Life Without Bread: How a Low-Carbohydrate Diet Can Save Your Lifeby Published 22 Mar 2000
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Life Without Bread: How a Low-Carbohydrate Diet Can Save Your Life Ebook Description
Life Without Bread: How a Low-Carbohydrate Diet Can Save Your Life PDF Book has good rating based on 195 votes and 18 reviews, some of the reviews are displayed in the box below, read carefully for reference. Find other related book of "Life Without Bread: How a Low-Carbohydrate Diet Can Save Your Life" in the bottom area.
Based on more than 40 years of clinical research, this illuminating book unravels the mysteries of nutrition and shows how a low-carbohydrate/high protein diet can help prevent cancer, diabetes, heart disease, and obesity, as well as increase strength, endurance, and muscle mass.
Life Without Bread: How a Low-Carbohydrate Diet Can Save Your Life Reviews
In spite of its title, this is actually a moderate and sustainable diet. Eat bread, by all means, and rice, and pasta, and fruit. But do it the traditional way. Italians have only about 2 oz of pasta, and then they eat a meat and vegetables course. So must we.
Excellent book. If you believe carbs are good for you (mmm, fruit juice, bread, pizza, cakes, cookies, candy), and fat is the root of all evil, you believe pure, unadulterated lies. The don't call cancer, type-II diabetes, arthritis, etc. etc. the "diseases of civilization" for no reason. While the authors don't go this far (Lierre Keith does), agriculture is the root of pretty much all evil on this planet. And while Keith doesn't go THIS far (Lobaczewski does), psychopathy is the reason it was able to be such.
I bought this book to try and supplement my reading about other low-carbohydrate approaches to nutrition. The book was billed to me as taking a scientific approach and a critical look at actual effects in disease conditions. Unfortunately, the writing is not very good. The outline is somewhat rambling. And I found the science to be rather weak.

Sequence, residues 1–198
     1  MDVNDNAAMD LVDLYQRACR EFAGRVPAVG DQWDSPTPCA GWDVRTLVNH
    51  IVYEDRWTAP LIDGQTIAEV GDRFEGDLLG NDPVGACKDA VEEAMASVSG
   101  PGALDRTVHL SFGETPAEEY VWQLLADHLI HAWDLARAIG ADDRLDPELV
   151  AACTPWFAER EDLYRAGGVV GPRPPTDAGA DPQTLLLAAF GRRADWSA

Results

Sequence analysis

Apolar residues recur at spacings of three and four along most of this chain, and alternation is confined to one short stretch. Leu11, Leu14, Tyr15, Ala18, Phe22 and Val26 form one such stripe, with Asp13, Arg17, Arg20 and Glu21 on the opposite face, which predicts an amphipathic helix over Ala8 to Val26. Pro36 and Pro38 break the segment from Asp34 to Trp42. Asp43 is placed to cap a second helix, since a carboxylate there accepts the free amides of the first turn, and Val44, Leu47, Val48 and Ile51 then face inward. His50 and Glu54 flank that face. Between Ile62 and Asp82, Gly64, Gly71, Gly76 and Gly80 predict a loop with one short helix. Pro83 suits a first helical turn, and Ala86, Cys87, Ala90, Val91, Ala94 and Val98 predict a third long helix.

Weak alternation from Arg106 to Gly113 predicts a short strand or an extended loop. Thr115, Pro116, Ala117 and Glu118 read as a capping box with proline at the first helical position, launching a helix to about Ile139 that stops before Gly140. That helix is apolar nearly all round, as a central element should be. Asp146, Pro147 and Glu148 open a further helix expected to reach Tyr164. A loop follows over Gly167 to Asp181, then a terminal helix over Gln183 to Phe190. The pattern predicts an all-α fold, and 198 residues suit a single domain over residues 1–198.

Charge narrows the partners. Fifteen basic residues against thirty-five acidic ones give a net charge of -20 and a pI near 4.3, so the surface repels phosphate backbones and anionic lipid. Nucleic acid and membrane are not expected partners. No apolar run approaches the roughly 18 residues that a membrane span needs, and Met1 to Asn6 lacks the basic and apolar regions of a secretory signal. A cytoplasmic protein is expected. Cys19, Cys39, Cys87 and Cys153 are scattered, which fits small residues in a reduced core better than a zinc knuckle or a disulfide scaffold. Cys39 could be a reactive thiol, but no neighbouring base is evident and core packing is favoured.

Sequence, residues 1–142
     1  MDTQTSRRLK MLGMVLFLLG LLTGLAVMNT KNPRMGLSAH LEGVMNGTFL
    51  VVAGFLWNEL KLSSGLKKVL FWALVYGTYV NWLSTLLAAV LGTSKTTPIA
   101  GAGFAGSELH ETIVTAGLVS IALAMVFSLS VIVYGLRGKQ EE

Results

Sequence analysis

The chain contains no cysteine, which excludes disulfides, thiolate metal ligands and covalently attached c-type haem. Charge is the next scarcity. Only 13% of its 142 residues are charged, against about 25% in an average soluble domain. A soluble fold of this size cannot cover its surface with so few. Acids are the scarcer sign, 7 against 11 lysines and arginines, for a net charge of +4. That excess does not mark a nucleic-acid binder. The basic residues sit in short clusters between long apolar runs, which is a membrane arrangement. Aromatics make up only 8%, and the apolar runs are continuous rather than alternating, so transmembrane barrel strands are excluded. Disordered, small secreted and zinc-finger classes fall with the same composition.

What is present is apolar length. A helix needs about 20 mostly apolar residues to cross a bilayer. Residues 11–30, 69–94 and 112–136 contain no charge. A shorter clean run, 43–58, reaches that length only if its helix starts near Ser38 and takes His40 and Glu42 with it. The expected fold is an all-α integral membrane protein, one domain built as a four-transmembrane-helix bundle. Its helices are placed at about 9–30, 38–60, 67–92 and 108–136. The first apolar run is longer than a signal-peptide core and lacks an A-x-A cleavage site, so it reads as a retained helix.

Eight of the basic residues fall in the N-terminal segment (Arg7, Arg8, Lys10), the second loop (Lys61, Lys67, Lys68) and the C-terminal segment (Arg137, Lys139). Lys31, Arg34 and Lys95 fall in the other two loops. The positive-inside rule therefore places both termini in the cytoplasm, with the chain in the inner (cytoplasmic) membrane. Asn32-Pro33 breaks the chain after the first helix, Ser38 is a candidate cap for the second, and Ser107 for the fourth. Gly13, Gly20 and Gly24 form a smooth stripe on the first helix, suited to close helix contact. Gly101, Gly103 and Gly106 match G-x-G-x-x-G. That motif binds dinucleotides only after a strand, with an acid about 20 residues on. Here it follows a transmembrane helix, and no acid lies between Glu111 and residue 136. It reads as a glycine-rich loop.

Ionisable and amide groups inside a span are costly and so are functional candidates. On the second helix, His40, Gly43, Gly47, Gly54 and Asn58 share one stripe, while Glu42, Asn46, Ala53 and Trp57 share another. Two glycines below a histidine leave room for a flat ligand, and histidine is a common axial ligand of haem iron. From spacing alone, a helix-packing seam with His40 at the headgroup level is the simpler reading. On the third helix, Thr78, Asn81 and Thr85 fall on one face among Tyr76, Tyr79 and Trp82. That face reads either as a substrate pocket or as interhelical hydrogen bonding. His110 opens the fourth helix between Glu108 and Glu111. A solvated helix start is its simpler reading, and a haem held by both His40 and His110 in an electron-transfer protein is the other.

Just using scientific words and explaining principle of biochemistry, physiology, and theories of human evolution are not the same as demonstrating a real cause and effect relationship. There is a lot of semiscientific data from Dr Lutz's clinical practice but no clinical trials have been performed. The authors also cite epidemiological data which on one side they say only establishes associations yet on the other they use to show the benefits.
All that being said, I think there is an underlying kernel of truth that low carbohydrate nutrition is likely beneficial. The data is not there for low fat diets either.
If you want a little insight as to why low carbohydrate diets mY have the beneficial health effects they claim I recommend this book. Otherwise it is probably not worth it.
This was a good book and very informational. It presented abundant information on the reasons why a low carbohydrate diet is the best one for the human population. It was a bit technical and scientific in parts though, which I personally find boring, so I couldn't rate it higher. I'd definitely recommend reading it though. Fortunately I was already on a low carb diet before I started it having given up sugar and breads so I already knew of the benefits to this type of diet.
I read this as part of my quest to become educated on how to live a low-carb diet. I really liked the author's scientific explanations and citation of studies that back up a low-carb lifestyle.
I wasn't comfrotable with the conclusions on evolution and why it supports a low-carb diet. I also remain only partially convinced that consuming unlimitted animal fats is actually good for the body.
Thirty-some years of low-fat indoctrination is difficult to give up all at once.